Monday, June 17, 2019

A Story Told in Maps

New road vs. old road on Rt. 80 at the Doubles,
between Honaker and Rosedale, 1945
The old road fascinates me. When you drive along, look off to the side of the road. You can often see the old roadbed snaking around the side of the hill. The new road is brazen by comparison, cutting through hills and straightening all those curves. The old road meanders by comparison, and now often has trees growing in it.

An exhibition of Russell County maps is on view June through August in the Cumbow Meeting Room of the Lebanon Library. Visit the exhibit to see those old roads and how the network grows. The exhibit may be viewed any time the library is open.

Early court records note that individuals charged with keeping the rudimentary roads open were sometimes fined for not doing their duty. The earliest roads can be found in the law books when acts of the assembly incorporate turnpike companies (upon subscription of the requisite number of shares!) The act noted the road must be at least 16 feet wide (exclusive of ditches) and not more than three (3) degrees of grade.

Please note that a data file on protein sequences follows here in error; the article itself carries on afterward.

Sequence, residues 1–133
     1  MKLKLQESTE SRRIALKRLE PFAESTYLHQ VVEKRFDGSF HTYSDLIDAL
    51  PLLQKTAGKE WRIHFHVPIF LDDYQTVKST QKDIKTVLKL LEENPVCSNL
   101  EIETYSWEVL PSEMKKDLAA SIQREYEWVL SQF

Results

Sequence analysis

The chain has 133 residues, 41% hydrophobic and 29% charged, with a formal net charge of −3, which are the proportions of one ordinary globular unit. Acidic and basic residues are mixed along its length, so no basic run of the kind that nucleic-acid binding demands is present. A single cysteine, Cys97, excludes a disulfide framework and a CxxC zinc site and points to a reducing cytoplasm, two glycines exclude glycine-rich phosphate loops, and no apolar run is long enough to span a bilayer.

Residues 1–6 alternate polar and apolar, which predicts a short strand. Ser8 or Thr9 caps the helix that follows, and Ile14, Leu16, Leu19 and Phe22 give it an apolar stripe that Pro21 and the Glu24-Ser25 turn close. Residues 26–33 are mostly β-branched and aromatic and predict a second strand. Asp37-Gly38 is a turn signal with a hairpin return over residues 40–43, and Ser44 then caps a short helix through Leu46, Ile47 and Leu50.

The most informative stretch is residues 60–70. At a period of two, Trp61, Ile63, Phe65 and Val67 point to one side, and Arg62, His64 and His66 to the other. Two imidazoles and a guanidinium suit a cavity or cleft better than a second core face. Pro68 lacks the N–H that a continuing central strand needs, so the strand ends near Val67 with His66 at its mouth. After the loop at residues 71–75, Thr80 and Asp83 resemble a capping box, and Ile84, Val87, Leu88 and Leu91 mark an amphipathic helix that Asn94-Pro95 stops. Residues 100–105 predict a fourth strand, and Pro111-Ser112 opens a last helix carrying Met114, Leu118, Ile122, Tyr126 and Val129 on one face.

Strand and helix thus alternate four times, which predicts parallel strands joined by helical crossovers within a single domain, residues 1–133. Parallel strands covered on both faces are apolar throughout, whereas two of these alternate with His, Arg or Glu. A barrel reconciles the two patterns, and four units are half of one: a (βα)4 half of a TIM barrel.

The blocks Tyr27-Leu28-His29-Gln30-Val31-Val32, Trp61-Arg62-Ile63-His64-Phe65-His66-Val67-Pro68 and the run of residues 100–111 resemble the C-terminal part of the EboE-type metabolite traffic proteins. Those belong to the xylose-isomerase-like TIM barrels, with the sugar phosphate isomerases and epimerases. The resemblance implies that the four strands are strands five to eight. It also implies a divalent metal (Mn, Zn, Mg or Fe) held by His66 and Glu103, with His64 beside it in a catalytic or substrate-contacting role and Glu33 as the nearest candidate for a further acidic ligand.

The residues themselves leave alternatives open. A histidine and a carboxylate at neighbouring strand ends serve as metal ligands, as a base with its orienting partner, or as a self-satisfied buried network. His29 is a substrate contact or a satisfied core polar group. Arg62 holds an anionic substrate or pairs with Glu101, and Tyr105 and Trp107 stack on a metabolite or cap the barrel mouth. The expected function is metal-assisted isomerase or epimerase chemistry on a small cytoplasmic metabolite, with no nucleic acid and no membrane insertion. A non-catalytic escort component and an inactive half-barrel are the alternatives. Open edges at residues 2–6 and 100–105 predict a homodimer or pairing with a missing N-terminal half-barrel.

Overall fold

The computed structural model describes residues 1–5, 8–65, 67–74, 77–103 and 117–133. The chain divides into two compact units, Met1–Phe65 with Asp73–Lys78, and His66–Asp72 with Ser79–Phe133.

A nice table listing the roads existing before the establishment of the state highway system is found in A Social and Economic Survey of Russell County by Leland B. Tate. (it's available at the library and online.) Along with the state highway system came the railroads. Railroads helped communities grow, and then as the rail traffic dwindled, so did the communities.  Here in the mountains, new and improved roads resulted in changed communities.

Back to my fascination with old roads. I dreamed of having a plane follow the old road. Now I think using a drone would be even better. You can truly have a bird's eye view of the path trod 100 years ago. Remember in the old days, communities were about a day's walk--or a horseback ride--apart.

I always want to walk the old road. I want to see the view residents would have seen 100 years ago. I want to walk in the footsteps of our ancestors. The maps on exhibit are a little window into the world as our ancestors saw it. Come look through that window in time.

Contributed by Kelly McBride Delph